Benin: Regulator plays poker with Moov and MTN by cutting networks over increased licence fees
The new Beninois Government decided to review all telecoms licensing arrangements when it came into office and tasked its newly independent regulator to carry out the task. It argued that the previous Government had out previous licences in an irregular fashion and that it was simply regularising the position. The same issue is also affecting both Liberia and Sierra Leone although in a less dramatic fashion. For events took a turn for the worse this week as the Beninois Government decided to cut off two networks – Moov and MTN – to impose the new level of licence fee it has chosen. Russell Southwood looks at a country where the regulator has cut off the two operators to convince them to pay up.
Benin’s regulator told the two mobile companies that they would have to pay a substantially increased licence fee from that which had originally secured them their operation. In both cases the companies were under different management when they set up operation in Benin. When MTN bought Lebanese-owned Investcom, among its portfolio of operations was Areeba Benin. Likewise Atlantique Telecom bought a clutch of Telecel operations that included Benin. So in neither case were the current operators responsible for the original licensing arrangements that were made directly with the then Government. It was under this Government that someone close to the President took money from Titan Wireless to secure a contract and set up operations in the country.
Nevertheless, for example, MTN is being asked to increase its licence fee payment from US$10 million to US$62 million, a 620% increase. On Monday the regulator suspended both operators’ licences, saying that they had changed their names without permission. It also threatened to cut off both networks if they did not submit documentation detailed the name changes, a threat it made good on by Thursday. Going to war over name changes smacks of being a heavy-handed negotiating gambit. But clearly one to be taken seriously as it now impossible to reach subscribers of each network.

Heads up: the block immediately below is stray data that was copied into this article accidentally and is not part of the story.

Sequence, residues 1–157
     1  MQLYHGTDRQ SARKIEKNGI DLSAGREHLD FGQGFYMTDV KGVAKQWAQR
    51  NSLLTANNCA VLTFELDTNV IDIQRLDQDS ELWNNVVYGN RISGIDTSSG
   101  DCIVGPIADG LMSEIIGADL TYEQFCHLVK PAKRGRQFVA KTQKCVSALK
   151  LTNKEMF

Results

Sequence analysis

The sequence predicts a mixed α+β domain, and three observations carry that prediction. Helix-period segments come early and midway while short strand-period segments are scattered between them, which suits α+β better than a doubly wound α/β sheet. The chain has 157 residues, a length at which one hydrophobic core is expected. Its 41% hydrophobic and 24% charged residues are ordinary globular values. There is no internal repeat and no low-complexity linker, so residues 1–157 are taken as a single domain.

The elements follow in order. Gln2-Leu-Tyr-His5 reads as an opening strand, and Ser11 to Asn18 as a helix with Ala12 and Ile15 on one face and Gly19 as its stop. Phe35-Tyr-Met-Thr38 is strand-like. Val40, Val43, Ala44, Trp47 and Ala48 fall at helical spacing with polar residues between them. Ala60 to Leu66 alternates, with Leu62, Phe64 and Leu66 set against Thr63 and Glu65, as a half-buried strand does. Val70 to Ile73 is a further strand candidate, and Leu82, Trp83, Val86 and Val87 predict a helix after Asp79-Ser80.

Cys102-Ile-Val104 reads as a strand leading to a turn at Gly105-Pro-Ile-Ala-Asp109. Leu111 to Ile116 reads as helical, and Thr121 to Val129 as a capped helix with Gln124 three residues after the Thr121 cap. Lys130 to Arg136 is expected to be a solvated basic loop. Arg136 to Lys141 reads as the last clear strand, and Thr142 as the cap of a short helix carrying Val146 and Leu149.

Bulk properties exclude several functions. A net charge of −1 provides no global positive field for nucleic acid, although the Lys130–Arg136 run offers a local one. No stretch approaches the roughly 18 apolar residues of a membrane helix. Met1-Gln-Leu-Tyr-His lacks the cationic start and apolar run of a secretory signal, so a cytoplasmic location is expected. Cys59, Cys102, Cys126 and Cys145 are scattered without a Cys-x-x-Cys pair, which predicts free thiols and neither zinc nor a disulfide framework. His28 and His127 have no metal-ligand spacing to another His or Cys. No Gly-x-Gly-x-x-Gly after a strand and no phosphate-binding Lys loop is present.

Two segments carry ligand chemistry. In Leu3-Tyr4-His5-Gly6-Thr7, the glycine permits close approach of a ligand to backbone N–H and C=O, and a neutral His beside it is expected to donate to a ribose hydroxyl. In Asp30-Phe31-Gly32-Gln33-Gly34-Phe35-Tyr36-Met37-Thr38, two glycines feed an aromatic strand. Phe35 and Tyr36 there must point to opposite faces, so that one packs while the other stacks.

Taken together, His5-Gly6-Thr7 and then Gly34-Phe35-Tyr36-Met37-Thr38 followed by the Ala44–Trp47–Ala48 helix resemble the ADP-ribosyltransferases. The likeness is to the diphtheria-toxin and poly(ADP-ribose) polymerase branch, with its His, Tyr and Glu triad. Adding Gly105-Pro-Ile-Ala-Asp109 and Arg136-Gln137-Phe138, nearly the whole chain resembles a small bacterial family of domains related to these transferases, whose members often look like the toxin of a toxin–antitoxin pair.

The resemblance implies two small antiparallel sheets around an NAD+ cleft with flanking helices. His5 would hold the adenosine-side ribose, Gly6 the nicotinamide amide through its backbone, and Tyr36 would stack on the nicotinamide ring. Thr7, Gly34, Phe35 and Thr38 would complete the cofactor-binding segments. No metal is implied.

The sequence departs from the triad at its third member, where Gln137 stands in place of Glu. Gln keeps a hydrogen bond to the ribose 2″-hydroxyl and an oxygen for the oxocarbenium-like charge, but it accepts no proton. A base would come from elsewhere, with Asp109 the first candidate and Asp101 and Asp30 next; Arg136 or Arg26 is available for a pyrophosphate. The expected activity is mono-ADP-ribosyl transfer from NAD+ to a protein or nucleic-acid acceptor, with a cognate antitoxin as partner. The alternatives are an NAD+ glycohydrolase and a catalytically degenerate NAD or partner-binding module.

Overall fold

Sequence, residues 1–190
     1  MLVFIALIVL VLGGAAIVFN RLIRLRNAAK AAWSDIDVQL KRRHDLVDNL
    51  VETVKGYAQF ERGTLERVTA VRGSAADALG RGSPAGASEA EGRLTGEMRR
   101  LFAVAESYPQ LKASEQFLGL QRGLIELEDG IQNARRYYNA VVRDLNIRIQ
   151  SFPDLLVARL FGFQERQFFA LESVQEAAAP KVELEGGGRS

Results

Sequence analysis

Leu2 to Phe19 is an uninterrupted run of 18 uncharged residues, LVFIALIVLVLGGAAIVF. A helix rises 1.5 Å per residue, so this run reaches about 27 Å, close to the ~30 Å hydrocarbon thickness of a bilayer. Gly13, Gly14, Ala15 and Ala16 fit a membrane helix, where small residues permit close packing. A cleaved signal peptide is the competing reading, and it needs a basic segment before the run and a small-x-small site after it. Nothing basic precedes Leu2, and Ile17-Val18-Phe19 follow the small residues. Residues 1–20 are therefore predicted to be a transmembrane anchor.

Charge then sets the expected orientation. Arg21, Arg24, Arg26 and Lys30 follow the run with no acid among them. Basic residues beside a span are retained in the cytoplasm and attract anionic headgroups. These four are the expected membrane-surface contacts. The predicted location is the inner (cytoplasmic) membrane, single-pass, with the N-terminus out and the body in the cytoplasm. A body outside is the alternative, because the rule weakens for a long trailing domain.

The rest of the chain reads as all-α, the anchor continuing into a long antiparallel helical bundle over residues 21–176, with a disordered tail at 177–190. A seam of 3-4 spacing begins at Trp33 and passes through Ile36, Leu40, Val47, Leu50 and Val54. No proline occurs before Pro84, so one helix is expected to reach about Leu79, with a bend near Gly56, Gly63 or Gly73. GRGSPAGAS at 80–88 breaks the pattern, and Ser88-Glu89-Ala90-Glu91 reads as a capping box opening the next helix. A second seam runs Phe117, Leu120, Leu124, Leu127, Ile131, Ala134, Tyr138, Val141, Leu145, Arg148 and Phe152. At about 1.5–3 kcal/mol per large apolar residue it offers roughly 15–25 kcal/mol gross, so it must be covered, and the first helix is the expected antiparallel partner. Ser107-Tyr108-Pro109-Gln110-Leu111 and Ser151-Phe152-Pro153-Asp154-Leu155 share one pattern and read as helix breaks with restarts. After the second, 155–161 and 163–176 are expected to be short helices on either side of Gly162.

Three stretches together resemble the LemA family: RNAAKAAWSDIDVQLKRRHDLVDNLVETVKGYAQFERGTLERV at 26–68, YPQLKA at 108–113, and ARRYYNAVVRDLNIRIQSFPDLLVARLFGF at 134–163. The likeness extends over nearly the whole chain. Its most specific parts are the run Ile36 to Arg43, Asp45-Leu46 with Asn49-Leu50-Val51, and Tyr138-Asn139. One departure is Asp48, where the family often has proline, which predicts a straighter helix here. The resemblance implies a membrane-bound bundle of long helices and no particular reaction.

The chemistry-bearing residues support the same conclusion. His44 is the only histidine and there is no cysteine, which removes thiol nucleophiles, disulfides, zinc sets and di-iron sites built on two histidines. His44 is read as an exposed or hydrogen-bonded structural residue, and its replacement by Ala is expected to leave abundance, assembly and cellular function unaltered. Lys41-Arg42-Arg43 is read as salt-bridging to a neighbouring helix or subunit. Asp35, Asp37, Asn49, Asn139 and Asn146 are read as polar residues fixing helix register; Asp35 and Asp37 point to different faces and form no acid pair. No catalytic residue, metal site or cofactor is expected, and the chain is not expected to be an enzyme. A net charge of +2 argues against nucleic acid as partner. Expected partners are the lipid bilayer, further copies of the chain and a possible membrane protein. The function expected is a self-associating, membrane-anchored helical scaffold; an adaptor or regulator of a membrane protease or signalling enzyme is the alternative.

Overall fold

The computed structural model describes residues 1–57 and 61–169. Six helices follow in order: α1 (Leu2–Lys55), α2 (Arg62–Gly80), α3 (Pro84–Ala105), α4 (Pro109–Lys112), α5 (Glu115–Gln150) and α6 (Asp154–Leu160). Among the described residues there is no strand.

Whilst the Government has a point when it says it wants to correct the “irregular practices” of the previous Government, it is behaving in a way that can only drive international investors away from the country. The one thing that almost every survey of telecoms investors identifies is that they require “the rules of the game” to be clear and transparent and for them not to be applied in an arbitrary manner.
MTN’s figures for the year to December show its Benin operation generated US$41.2m revenue and US$21.4m earnings before interest, tax, depreciation and amortisation. Its Benin subscribers have ARPUs of $21 a month, one of the highest user spending figures for its operations in 21 countries. With just over half a million subscribers, it claims a 40% market share.
The suspension of Moov and MTN’s network operations can only be an unexpected bonus for the two other operators in the market, Bell Benin and Libercom, the mobile subsidiary of the financial disaster that is the incumbent telecom, Benin Telecom. And although the regulator has said that it will impose these increased fees on all operators, it is unclear how the financially embarrassed Benin Telecom will find this kind of money.
Benin’s independent regulator has clearly forgotten that it has a dual set of responsibilities: to ensure that the industry grows and thrives and that Beninois consumers have their interests looked after. It is not clear how increasing the licence fee by over 600% serves either of these objectives.